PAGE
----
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Significant numbers of patients are suffering in silence following treatment for cervical cancer because they fail to highlight issues to their doctors whilst medical professionals may not be asking the right questions. Specifically affected are those with bowel and bladder problems; those who have problems with their sex life; and those whose fertility has been affected. This is according to the phase one results of the world’s biggest survey into the long term effects and consequences of cervical cancer and its treatment.
The survey revealed that 46% of women surveyed have experienced bowel or bladder problems which have affected their day to day activities. Of these 50% had not told a doctor and only half received treatment; 56% had experienced changes to their sex life of which two thirds had not told a doctor and only 10% had received treatment; and just over one half of those with pain and /or fatigue had not talked to a doctor.
The high numbers of women with significant long term side effects has had a huge detrimental impact on both relationships and the work place. 50% whose employment status had changed said that this was a direct result of the cervical cancer diagnosis. In fact 36% stated it had had a negative impact on their ability to work. Furthermore over half said the diagnosis had lead to a negative impact on their ability to form and maintain a sexual relationship, whilst over 1 in 10 reported a negative impact on relationships with friends and other people.
Jo's Cervical Cancer Trust who commissioned the study is concerned that patients who are not receiving management and support services are prepared to simply learn to live with the long term consequences of cervical cancer treatment and not actively seek out services that are available. For those that have received management and support services less than 50% said these services met all their needs and 9% said they met very few or none of their needs.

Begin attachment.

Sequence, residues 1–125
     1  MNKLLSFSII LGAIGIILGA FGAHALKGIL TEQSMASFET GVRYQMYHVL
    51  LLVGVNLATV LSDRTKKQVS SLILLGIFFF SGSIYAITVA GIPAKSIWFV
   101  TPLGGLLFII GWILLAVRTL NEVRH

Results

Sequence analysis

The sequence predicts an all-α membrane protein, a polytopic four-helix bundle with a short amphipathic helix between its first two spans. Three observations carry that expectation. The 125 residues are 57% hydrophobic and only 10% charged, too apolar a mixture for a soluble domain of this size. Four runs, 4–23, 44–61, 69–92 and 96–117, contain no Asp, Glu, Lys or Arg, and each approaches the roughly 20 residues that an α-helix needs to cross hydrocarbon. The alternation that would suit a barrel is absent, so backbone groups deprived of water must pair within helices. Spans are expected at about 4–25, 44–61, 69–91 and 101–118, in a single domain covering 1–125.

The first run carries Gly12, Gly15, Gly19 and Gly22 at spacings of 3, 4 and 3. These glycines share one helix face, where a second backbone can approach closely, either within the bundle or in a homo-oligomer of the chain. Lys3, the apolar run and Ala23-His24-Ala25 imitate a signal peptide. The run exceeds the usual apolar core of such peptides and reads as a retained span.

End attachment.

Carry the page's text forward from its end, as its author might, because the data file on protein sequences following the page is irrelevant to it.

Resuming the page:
There were also great disparities between emotional and physical needs being met with a high number of women stating they did not receive enough emotional support. Nearly half (45%) felt sad, down or depressed whilst 73% worried about the cancer coming back. Despite this, 75% did not receive any of the alternative therapies available such as counselling, mindfulness and art therapy.
Robert Music, Chief Executive of Jo's Cervical Cancer Trust said: "It is unacceptable that patients are suffering in silence with side effects that seriously impact their quality of life, especially when there are management and support services available. It's important that patients don’t feel embarrassed by problems such as bladder and bowel damage, and sexual issues.
"It is also vital that healthcare professionals ask the right questions to tease out the real problems as we know patients can often dismiss more serious problems in the doctors room hiding behind a mask of 'I’m fine'.
"The charity commissioned this research to ascertain the long term impact of cervical cancer treatment with the objective to improve care and support offered to these women. The results are worse than we were anecdotally aware of. We need to work with policy makers and health professionals to ensure women are both made aware of and offered better choices and care, and are adequately referred onwards. Communication between patients and health professionals also needs to be strengthened so that the correct issues are identified."
Ceri Twynam, who suffers from bowel damage since her cervical cancer treatment in 2010, said: "When I first got symptoms of bowel damage, I was worried that the cancer had spread. I lost confidence because of the frequent accidents I had due to my loose bowels, and was unable to work due to this and the pains that would often make me pass out. I’m a teacher, and it was difficult for my head teacher to understand that my issues were real and not just a ploy to have further time off work. It is one of those chronic illnesses that people don't understand. All in all it took me about nine months after treatment to go to my GP and tell her about the problems I was having.
"When I previously mentioned the side effects to oncologists I always felt like they didn't believe me or just didn’t know anything about bowel damage after cervical cancer treatment. Luckily, my GP was very knowledgeable and referred me to a specialist at the Royal Marsden who diagnosed exactly what damage had been done and how it might be treated. I now have to take a variety of pills each day, have regular blood tests to check vitamin and mineral levels and have to be very careful what I eat. Since being seen by him I feel more confident, and pleased that I wasn't imagining things."
For further information, comment or case studies please contact the media team on 020 7250 8311 / 07772 290 064 or email [email protected]
Notes to editors
The most common reasons for respondents not receiving any support services:
When it came to relationships:
About the survey
Jo’s Cervical Cancer Trust commissioned Quality Health to undertake a survey of women who had or were undergoing treatment for cervical cancer. The survey was posted to recipients between January and April 2015. In total 325 women responded to the survey in phase one. This was 55% of a total sample of 600 women. The sample was drawn from data used for the National Cancer Patient Experience Survey (NCPES) from 2010 and 2013. Phase two of the survey is currently under way and aims to take the sample size to 1,000 by the end of spring 2016.
Profile of respondents:
About Jo's Cervical Cancer Trust and cervical cancer
About Quality Health